The Ministry of Finance manages the national budget, oversees corporate governance regulations, and supervises the prudent investment and utilisation of public funds and government reserves. Mr Heng co-chaired the Committee on the Future Economy (CFE), which charted the strategies for Singapore's next phase of growth. He chairs the tripartite Future Economy Council, which oversees the implementation of national strategies in areas such as skills and capabilities development, innovation and productivity, and industry transformation. He is also the Chairman of the National Research Foundation, which sets the direction for Singapore's research, innovation and enterprise strategies.
As former prime minister Goh Chok Tong and current Prime Minister Lee Hsien Loong both served as ministers for trade and industry before, it's possible that Heng is the most reliable person to lead Singapore's fourth-generation leadership. But after he had a stroke in 2016, many people started to worry about his political career.
There are concerns over Heng's health. As a result, the Singapore government and Heng himself have reaffirmed many times that he's fit for demanding work. Heng would be 60 in 2021 and if elected that year, he will be the oldest prime minister in Singapore's history. It seems Singapore's society won't stop worrying about Heng's health.
But worries about Heng's fitness may be outdone by his enthusiasm for work and his party image. Although Heng has won recognition in just more than seven years in politics, some point out that his style of governing may not get rid of Lee Kuan Yew's influence. The international environment and Singapore's politics have transformed drastically compared with Lee's era and Heng knows to keep pace with the times.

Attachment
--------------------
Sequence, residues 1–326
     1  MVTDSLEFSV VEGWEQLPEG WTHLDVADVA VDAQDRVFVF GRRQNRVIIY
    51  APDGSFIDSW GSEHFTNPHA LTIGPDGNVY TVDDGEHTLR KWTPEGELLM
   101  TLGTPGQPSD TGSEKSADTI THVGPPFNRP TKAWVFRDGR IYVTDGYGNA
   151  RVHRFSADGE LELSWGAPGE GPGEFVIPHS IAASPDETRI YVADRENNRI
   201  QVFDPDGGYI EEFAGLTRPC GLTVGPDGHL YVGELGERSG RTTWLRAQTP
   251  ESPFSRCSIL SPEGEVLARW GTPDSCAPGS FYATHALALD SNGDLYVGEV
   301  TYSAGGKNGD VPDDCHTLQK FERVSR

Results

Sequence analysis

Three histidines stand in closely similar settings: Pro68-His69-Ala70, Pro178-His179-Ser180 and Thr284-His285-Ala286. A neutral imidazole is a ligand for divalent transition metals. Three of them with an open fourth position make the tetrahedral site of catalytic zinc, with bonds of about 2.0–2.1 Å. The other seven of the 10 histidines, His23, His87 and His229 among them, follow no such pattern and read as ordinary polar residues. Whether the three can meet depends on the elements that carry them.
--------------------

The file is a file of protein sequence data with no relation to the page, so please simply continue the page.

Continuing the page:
Although Heng lacks diplomatic experience, he has accumulated some from frequent visits and being involved with multilateral organizations after he served as minister for finance in 2015. The Lee Hsien Loong administration has been creating opportunities for Heng to deal with relations with China, the US, Japan and ASEAN. It will take a lot of wisdom for Heng and the fourth-generation leadership to achieve Lee Kuan Yew's diplomatic aspiration.
Singapore always attaches importance to relations with China. In 1997, as Lee Kuan Yew's principal private secretary, Heng accompanied him on a visit to China's Suzhou Industrial Park. Heng speaks fluent Chinese as seen during interviews with the Xinhua News Agency and other Chinese media outlets, and is familiar with China's Belt and Road initiative and China-Singapore cooperation. In the past few years, the two countries were estranged over regional issues, and Singapore needs to be more cautious when dealing with such problems. As a result, there won't be fundamental changes in the relationship when Singapore's leaders change.
Washington's tendency toward protectionism and deglobalization has upset Singapore, as the city-state largely depends on an export-oriented economy, free trade and global market. But Singapore is still much more dependent on the US than China on security, investment and technology. As China is rising, it's a hard task for Singapore to find a balance point between Beijing and Washington.